The species is named after John Archibald Boyd, an Englishman who ran sugar plantations in Fiji (1865 – 1882) and North Queensland (1882 – 1926). He was an enthusiastic collector, shipping great amounts of zoological and ethnographic material to naturalist William Macleay in Sydney.
In 1884, he gathered an assortment of animals from the lowland rainforest around Ingham and sent them south. On examining them, Macleay wrote:
I received a few days ago from Mr. Archibald Boyd of Ripple Creek, Herbert River, an earthenware jar containing specimens in spirits of several species of bats, muridæ, antechini, lizards and snakes. A very cursory glance at the contents of the jar satisfied me that Mr. Boyd had hit upon a new and untried and also a very prolific field for the Zoologist.
He named six new species of reptiles from the Ripple Creek collection — Tiaris boydii (the forest dragon) and five snakes. (Unfortunately, four of the snakes belonged to widespread and variable species that had all been described before.) The Ripple Creek dragon specimens were first lodged in the Macleay Museum, Sydney University, and are now in the type collection of the Australian Museum.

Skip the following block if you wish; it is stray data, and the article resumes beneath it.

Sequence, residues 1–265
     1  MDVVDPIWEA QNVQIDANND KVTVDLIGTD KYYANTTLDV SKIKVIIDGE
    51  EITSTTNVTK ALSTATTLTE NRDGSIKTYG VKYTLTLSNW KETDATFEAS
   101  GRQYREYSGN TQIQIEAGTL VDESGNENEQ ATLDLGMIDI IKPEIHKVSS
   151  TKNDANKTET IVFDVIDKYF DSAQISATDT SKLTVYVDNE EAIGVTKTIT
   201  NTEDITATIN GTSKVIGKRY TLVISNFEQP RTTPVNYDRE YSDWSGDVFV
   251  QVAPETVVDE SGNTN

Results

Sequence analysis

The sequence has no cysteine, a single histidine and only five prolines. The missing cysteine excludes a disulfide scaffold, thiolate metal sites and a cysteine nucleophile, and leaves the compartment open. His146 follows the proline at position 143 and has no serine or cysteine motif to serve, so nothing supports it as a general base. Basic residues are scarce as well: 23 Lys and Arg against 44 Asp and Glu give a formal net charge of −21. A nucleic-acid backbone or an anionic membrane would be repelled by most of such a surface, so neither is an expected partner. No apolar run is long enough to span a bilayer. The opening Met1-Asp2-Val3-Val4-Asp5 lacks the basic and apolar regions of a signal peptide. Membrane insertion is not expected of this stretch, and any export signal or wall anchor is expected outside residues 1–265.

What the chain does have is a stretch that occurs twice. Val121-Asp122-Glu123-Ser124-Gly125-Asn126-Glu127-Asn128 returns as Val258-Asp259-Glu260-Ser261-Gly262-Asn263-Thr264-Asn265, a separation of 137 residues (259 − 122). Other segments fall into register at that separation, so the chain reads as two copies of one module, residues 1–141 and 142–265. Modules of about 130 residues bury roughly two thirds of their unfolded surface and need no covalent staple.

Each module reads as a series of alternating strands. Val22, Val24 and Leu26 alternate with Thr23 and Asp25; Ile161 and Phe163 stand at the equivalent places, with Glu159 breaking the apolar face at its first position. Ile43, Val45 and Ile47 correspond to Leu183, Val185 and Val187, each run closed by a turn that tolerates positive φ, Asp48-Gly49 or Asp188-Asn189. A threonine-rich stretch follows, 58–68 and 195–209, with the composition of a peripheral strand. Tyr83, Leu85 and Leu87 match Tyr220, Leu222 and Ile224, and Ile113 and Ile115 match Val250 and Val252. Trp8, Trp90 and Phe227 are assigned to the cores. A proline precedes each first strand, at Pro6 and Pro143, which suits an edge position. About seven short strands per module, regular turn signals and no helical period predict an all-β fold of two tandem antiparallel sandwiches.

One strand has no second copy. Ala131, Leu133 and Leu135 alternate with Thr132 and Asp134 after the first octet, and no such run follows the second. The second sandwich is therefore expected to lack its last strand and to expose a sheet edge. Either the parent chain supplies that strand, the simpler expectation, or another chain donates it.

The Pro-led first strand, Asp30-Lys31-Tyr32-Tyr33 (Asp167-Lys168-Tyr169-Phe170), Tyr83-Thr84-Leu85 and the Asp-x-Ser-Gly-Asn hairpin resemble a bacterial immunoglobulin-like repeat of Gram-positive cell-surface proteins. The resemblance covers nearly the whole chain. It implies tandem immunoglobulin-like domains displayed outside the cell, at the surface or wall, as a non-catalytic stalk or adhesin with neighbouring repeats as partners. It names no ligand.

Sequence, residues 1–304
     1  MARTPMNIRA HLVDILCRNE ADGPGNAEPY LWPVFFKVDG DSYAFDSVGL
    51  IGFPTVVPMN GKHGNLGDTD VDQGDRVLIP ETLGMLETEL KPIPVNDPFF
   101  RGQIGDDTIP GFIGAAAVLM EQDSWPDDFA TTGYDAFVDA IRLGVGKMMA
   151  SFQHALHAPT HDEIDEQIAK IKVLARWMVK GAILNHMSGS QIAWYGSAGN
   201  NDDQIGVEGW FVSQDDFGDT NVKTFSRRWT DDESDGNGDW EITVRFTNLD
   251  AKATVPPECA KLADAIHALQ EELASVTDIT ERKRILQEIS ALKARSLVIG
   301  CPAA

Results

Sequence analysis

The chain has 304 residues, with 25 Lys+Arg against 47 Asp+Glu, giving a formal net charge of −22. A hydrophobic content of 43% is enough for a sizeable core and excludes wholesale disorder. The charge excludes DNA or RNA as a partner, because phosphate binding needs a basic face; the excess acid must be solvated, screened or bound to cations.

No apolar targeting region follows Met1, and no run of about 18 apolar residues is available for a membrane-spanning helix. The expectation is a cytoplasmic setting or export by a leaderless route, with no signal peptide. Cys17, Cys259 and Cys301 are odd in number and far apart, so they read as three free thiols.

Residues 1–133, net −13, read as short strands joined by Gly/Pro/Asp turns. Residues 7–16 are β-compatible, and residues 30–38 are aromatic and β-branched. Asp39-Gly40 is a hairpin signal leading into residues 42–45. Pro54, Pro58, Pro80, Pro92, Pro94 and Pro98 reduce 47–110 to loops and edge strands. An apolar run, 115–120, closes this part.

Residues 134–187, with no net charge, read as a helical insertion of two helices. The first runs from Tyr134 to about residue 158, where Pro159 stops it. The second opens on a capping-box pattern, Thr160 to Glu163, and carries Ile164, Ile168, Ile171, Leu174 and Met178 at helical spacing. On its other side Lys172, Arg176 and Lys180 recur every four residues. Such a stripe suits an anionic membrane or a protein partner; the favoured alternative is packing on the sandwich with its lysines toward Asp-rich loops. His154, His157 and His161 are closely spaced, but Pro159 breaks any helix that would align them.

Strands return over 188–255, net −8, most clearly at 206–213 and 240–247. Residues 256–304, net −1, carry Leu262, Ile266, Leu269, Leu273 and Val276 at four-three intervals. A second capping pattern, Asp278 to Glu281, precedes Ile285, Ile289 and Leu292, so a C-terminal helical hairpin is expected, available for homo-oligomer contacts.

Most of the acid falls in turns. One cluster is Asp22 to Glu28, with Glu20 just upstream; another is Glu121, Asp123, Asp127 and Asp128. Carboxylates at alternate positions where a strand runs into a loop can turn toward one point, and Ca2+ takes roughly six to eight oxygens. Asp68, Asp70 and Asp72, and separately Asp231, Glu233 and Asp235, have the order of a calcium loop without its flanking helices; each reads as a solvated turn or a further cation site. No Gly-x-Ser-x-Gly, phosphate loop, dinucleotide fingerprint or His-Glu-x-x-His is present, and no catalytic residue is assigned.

Although they are common on the Atherton Tablelands, forest dragons can be difficult to spot. In the two and a half years that I’ve been living here, I’ve only seen them a handful of times. They really are very well camouflaged. (And excellentat sidling.)
Macleay, W. (1884) Notes on some Reptiles from the Herbert River, Queensland. Proceedings of the Linnean Society of New South Wales 8: 432 – 436.
Macleay, W. (1884) Census of Australian snakes with descriptions of two new species. Proceedings of the Linnean Society of New South Wales 9: 548 – 568.